• 12th Guards Tank Corps - former 16th Tank Corps. 16 TC was formed on 1 June 1942 in the Moscow Defense Zone. On 20 November 1944, it was awarded ‘Guards’ status and re-designated the 12th Guards Tank Corps. In later 1945, it was reorganized into the 12th Guards Tank Division.

Composition of a Tank Corps

  • 29 May 1942
    • Corps HQ
      • Signal Company
      • AAMG Section
    • Heavy Tank Brigade with KV-1 or KV-2 tanks (Replaced by a third 'medium' tank brigade in July 1942)
    • 2 (Medium) Tank Brigades with two battalions of T-34 and one of T-70 tanks each.
    • Motorized Rifle Brigade
    • Antiaircraft Battalion
    • Guards Mortar Battalion with Katyusha rocket launchers
    • Motorcycle Battalion (for reconnaissance)
    • Engineer-Mine Company
    • Truck Company
    • Motorized Vehicle Repair Battalion
    • Armored Vehicle Repair Battalion
    • Snipers

See also

Mechanized Corps (Soviet)


  1. John Erickson, Road to Berlin, 1982, p.130
  2. Sharp Charles C., Soviet Order of Battle World War II, Volume II
  3. 3.0 3.1 Craig Crofoot, Group of Soviet Forces Germany, V3.0.0, 2007, manuscript available via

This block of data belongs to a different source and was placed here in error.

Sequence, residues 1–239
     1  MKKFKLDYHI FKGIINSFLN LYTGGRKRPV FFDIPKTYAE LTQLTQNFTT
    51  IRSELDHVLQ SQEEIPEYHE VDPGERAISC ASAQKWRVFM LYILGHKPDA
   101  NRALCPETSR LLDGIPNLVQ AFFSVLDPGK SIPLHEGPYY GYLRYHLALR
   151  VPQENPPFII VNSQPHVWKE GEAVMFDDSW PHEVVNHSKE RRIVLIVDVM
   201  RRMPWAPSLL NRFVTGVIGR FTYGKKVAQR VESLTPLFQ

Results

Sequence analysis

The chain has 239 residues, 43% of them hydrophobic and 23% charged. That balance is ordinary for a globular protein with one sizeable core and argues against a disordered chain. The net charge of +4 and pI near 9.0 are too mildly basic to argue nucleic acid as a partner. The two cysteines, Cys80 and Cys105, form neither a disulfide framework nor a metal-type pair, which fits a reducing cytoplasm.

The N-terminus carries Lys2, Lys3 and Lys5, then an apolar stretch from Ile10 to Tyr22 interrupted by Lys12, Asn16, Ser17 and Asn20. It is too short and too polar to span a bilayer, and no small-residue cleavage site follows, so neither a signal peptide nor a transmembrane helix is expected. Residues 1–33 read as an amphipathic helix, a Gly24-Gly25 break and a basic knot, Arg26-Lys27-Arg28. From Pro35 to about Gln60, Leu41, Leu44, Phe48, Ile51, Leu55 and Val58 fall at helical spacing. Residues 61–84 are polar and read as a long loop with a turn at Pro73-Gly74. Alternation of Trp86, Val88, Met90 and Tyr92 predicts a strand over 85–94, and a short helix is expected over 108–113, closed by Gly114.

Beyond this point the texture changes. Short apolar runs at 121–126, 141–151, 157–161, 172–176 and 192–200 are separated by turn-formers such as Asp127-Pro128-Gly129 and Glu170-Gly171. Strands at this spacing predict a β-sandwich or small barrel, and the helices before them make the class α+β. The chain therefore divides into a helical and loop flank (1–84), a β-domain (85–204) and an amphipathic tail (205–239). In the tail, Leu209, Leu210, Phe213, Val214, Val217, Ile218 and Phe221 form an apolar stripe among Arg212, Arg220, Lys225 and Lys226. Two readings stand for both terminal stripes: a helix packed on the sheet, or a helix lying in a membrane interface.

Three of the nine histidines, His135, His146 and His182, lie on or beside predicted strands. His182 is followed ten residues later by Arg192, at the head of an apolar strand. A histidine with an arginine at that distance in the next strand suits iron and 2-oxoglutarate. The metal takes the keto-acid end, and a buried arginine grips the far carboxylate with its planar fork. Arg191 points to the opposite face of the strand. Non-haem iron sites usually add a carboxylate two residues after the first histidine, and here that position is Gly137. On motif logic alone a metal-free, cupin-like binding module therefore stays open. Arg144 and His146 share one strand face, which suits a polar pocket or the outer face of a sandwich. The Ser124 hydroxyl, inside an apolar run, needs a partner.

4. Sharp, Soviet Order of Battle, World War II, vol. II or III, via
  5. 5.0 5.1 5.2 5.3 Graham H. Turbiville, 'Restructuring the Soviet Ground Forces: Reduction, Mobilization, Force Generation,' Military Review, December 1989
  6. For an order of battle for 29th Tank Corps, see


  • Zaloga, Steven & Ness, Leland 'The Red Army Handbook'
  • Charles Sharp, Soviet Order of Battle in World War II Vol 1: The Deadly Beginning: Soviet Tank, Mechanized, Motorized Divisions and Tank Brigades of 1940-1942,
  • David Glantz, The Initial Period of War on the Eastern Front, 22 June - August 1941, 19
  • Page, J. and Bean, Tim 'Russian Tanks of World War II', Zenith Press

Internet sites